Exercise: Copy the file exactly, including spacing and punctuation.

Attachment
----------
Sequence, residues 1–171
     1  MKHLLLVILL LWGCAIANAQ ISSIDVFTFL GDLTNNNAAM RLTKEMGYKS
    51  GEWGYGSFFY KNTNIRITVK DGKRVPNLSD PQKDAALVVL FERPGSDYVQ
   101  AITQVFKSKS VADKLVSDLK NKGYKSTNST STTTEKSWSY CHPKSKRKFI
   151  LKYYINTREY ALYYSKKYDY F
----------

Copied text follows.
Sequence, residues 1–171
     1  MKHLLLVILL LWGCAIANAQ ISSIDVFTFL GDLTNNNAAM RLTKEMGYKS
    51  GEWGYGSFFY KNTNIRITVK DGKRVPNLSD PQKDAALVVL FERPGSDYVQ
   101  AITQVFKSKS VADKLVSDLK NKGYKSTNST STTTEKSWSY CHPKSKRKFI
   151  LKYYINTREY ALYYSKKYDY F